COMPUTER VISION (30h Lectures)

[1] Introduction to Computer Vision and its Applications.

[2-3] Image Processing:  Convolution and Linear filters.  Edge detection.  Image  Interpolation.

[4-7] Pattern classification: Supervised clustering; K-NN; Thresholding and decision boundaries; Eigenmodels and Mahalanobis distance;  PCA.

[8-11]  Features and Matching:  Image Descriptors (EHD, SIFT).  Concept of a feature space.  Unsupervised clustering (K-Means).  Visual codebooks.  Bag of Visual Words framework.  Applications to object classification and visual search.

[12-14] Shape Description:  Shape Factors, Image Moments, Fourier descriptors, Chain Code, Hough Transform.

[15-19] Tracking: Templates and cross-correlation. Blob trackers. Kalman filter.  Bayes Law.  Particle filters. Markov Processes.

[20-23] Contour models: Piecewise cubic splines, Active contours; PDMs; ASMs. 

[24-30] Multiview Geometry:  Linear Perspective, Homography, RANSAC and Mosaicing.  Epipolar Geometry; Fundamental and Essential Matrix; Estimating scene geometry;  Stereo matching and triangulation; Visual Hull.


Methods of Teaching / Learning


The learning and teaching strategy is designed to achieve the following aims:

The strategy is to deliver core theory in lectures and use the lab sheets in the supported computer labs to enable practical application of that theory.  The latter also provides an opportunity for formative feedback. The coursework exposes students to the full development cycle of a vision system – design, implementation, evaluation and reporting of a computer vision system.  Both summative and formative feedback are delivered via the coursework.

Learning and teaching methods include the following:

Lectures – 3 hours per week x 10 weeks.
Supervised computer labs – 1 hour per week x 9 weeks.



Assessment Strategy

The assessment strategy for this module is designed to provide students with the opportunity to demonstrate the following.


The examination assesses all learning outcomes through use of broad range of questions covering worked calculations and problem solving “scenario” based questions that require recommendation of appropriate algorithms and solutions.  All taught material is covered in the examination covering low- mid- and high- level vision so following the lecture plan.  The coursework focuses on the design, implementation and evaluation of a Computer Vision system e.g. a visual search system being one of the topics covered in the early lectures.  This particularly focuses upon the first 3 learning outcomes, on the selection of appropriate vision techniques, and their implementation and their evaluation.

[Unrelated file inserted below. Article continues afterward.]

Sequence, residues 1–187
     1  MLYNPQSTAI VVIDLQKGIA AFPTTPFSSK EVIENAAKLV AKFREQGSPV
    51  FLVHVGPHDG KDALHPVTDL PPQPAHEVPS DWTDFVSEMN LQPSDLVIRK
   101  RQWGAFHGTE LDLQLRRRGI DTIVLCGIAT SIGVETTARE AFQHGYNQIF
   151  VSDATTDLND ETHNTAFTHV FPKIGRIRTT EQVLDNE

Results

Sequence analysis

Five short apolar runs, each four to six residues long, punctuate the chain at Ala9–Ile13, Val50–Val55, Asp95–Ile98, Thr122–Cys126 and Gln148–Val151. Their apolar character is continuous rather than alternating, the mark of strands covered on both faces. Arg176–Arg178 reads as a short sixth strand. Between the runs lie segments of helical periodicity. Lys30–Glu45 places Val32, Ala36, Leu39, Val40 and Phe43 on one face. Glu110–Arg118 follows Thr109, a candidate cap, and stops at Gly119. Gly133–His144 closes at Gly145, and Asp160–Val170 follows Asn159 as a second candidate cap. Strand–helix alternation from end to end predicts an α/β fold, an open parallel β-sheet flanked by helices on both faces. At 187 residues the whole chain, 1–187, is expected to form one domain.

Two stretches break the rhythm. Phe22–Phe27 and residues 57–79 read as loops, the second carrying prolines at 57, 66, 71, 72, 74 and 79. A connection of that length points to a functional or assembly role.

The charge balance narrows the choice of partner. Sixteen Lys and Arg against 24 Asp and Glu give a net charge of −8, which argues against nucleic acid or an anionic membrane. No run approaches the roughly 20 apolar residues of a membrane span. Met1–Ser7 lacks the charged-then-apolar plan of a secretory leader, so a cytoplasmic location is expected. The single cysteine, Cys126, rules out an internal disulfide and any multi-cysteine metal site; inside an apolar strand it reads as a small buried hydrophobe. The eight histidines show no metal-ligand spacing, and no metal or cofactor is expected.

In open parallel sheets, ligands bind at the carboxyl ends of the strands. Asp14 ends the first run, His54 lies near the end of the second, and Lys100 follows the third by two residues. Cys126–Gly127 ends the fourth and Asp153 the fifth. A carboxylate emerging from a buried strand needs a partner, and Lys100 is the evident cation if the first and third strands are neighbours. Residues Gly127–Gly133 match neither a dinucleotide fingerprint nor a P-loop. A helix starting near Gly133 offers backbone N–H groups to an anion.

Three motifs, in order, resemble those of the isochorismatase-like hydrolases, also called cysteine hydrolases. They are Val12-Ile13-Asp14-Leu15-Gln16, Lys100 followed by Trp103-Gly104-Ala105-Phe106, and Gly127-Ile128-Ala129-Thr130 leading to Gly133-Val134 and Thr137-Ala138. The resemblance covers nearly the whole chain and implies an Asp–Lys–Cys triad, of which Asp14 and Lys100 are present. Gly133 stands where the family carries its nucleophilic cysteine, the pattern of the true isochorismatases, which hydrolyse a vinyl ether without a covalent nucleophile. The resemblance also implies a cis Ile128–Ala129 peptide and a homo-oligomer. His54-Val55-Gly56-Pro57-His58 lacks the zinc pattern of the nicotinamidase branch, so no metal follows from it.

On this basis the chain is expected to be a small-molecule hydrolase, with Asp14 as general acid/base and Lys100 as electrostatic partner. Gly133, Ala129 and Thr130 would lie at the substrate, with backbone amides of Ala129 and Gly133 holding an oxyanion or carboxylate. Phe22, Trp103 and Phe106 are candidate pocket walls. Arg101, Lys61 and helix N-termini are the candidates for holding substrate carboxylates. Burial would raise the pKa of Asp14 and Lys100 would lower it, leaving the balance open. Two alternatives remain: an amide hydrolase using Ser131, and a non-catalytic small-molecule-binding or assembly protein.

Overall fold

Thus, the summative assessment for this module consists of the following.

·         2-hour, closed-book written examination (80% weighting).

·         Coursework assignment in MATLAB (20% weighting).  Set week 3, due week 8.


Any deadline given here is indicative. For confirmation of exact date and time, please check the Departmental assessment calendar issued to you.


Formative assessment and feedback

For the module, students will receive formative assessment/feedback in the following ways.

·         During lectures by question and answer sessions

·         By means of unassessed lab problem sheets

·         During supervised computer laboratory sessions

         ·         Via feedback comments on assessed coursework


Reading list


Please note that the information detailed within this record is accurate at the time of publishing and may be subject to change. This record contains information for the most up to date version of the programme / module for the 2017/8 academic year.